HitMaster Gaming Studio Monitor


posted 1/5/2010 by Dan Keener
other articles by Dan Keener
One Page Platforms: AV
Polk Audio has been in the gaming audio business for many years, but mostly on the PC side. Last year, Polk debuted the SurroundBar Instant Home Theater with one of it stated purposes to enhance gaming audio without having to invest in a full-fledged home theater system. We took a look at it and found that it was exactly what the company stated and a heck of an option to make your gaming audio better.

This year, Polk identified an area of untapped potential and set about creating a simple and inexpensive way to get bigger and better sound than basic TV speakers or any crappy Home Theater in a Box can provide. The Polk Audio HitMaster Gaming Studio Monitor is their latest (and first dedicated) product geared toward gamers.

The Specs:

Polk Audio HitMaster Gaming Stage Monitor
MSRP:    $99
Total System Watts:    60w Continuous; 100w Peak
Frequency Range: 40Hz – 20 kHz
Control:  Volume knob back plate
Audio Inputs:  RCA Analog, Mini Jack
Audio Outputs:   RCA Analog (Daisy Chain)
Tweeters:          2 – 1” Neodymium Horn Tweeters (3” x 5” horn)
Driver:      6 1/2" Mid woofer
Dimensions:  14” (W) x 9.5” (D) x 8.5” (H)
Weight (lbs):         13 lbs

Out of the Box and Setup
The HitMaster comes packaged in a plastic bag between a pair of molded cardboard end caps in a fairly secure position. It really doesn’t need much more than this, as it fits nicely in the center of the box and doesn’t have any surfaces that are highly susceptible to scratching unless the box was severely damaged. Inside the box lies the HitMaster powered monitor, a 9-foot RCA audio cable, power cord and a Quick Start guide.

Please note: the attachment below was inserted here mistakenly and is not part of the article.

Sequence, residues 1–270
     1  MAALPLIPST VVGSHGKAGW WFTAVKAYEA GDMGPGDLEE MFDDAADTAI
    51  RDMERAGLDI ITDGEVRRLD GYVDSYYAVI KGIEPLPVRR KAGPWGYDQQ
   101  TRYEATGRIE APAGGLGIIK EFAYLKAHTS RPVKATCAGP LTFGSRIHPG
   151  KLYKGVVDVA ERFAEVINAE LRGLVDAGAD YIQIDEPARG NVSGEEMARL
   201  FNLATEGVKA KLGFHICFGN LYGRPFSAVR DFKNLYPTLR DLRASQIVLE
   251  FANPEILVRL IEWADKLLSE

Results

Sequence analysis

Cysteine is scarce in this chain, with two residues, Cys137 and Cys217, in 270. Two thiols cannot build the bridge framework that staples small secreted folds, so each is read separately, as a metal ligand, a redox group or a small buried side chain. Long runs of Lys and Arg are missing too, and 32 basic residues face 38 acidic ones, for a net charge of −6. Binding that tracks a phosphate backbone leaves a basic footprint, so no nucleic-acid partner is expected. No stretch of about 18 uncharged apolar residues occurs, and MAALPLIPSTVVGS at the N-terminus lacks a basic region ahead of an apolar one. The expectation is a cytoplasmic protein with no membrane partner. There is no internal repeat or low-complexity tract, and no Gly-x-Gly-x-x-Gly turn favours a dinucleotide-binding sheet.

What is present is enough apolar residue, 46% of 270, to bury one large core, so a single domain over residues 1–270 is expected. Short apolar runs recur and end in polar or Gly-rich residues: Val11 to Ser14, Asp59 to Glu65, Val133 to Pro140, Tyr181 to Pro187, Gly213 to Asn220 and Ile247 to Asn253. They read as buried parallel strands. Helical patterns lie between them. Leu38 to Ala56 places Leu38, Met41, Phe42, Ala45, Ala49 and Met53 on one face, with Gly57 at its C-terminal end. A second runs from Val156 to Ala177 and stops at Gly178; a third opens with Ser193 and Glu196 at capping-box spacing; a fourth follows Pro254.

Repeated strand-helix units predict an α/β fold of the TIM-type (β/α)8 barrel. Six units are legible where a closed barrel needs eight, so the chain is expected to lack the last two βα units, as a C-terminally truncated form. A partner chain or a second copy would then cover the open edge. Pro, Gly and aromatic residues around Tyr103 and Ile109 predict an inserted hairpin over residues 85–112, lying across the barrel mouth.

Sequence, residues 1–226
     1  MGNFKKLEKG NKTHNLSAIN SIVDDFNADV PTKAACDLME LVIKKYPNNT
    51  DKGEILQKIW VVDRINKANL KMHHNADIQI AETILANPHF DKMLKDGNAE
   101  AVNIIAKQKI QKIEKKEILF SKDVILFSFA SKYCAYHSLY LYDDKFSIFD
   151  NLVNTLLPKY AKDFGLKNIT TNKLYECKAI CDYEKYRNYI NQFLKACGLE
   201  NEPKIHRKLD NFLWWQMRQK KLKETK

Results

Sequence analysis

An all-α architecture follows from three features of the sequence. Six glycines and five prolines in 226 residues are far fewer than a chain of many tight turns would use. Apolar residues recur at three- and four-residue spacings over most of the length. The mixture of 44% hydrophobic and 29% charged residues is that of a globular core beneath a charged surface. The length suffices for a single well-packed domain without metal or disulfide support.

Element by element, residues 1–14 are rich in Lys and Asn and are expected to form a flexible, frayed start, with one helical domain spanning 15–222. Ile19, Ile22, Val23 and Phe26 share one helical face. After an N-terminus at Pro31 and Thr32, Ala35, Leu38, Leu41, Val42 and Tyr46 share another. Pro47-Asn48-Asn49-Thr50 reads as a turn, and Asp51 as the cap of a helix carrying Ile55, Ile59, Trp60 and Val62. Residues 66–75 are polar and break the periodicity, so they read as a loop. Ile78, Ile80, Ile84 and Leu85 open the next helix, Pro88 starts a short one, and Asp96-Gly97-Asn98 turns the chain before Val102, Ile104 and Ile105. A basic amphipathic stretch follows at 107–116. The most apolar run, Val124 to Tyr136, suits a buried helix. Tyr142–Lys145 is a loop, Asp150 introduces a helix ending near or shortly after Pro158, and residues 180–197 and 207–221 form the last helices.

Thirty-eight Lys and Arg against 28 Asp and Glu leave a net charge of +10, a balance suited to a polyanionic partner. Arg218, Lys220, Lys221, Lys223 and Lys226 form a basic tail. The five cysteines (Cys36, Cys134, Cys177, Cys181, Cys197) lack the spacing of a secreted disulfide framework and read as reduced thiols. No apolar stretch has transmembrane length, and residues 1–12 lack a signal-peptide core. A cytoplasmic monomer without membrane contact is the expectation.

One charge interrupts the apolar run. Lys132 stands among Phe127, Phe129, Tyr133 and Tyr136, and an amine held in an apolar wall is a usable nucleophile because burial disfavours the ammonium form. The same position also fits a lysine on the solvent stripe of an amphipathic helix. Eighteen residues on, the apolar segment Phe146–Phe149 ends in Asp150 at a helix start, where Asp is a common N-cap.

The audio source comes from either the traditional analog audio cable or a mini jack for use with any device that has a headphone or mini line level out. This includes any iPhone, iPod, MP3 player, laptop and yes, even that old Walkman that is still in a closet somewhere. As far as getting up and running, there probably isn’t a simpler speaker to setup on the market right now. Plugging in the RCA analog audio cable (or mini jack) and the power plug are the extent of your tasks. Turn on the power, dial up the volume and away you go.

Right out of the box, you can tell that this little speaker means business. The design and appearance of the HitMaster are not just for eye candy, but highly functional and practical at the same time. While the Polk and HitMaster logos are prominently displayed on the grill of the all-black monitor, its angles and dual port design ensure that a wide range of audio will come out of its driver and dual horn tweeters.

The top sports a rugged little handle for carrying it around, while the back has the two analog inputs, fuse, power switch, dual ports and volume knob. One other thing about the HitMaster that shows its toughness is that everything with the exception of the logos on the grill is screwed down. The carry handle, feet and corner guards will not be falling off because some cheap glue failed, they are there to stay.

The mesh grill looks sharp and sturdy, but it may be a little too thin to handle any sustained abuse. While the edges and corners were stout, when I pushed against the dead center (above the driver), it had a “give” of about a quarter inch. Any type of major pressure to this area would have a chance of pushing the grill in, and possibly leaving a permanent indentation. However, while any battle scar this may leave would give it character, it would take a serious blow to that area to break through the grill and get to the driver underneath. It may be smart though to make a mental note to keep any Pete Townsend wannabes away from it.

Basically, the HitMaster is designed to give off the look and feel of a small stage monitor that would normally be in front of a guitar player. The fact that it was designed with band games in mind doesn’t hurt, as the angled design and portability makes it a nice companion for your primary gaming area or on the go. However, it will work in any application by sending big time audio out into the room for all to hear.
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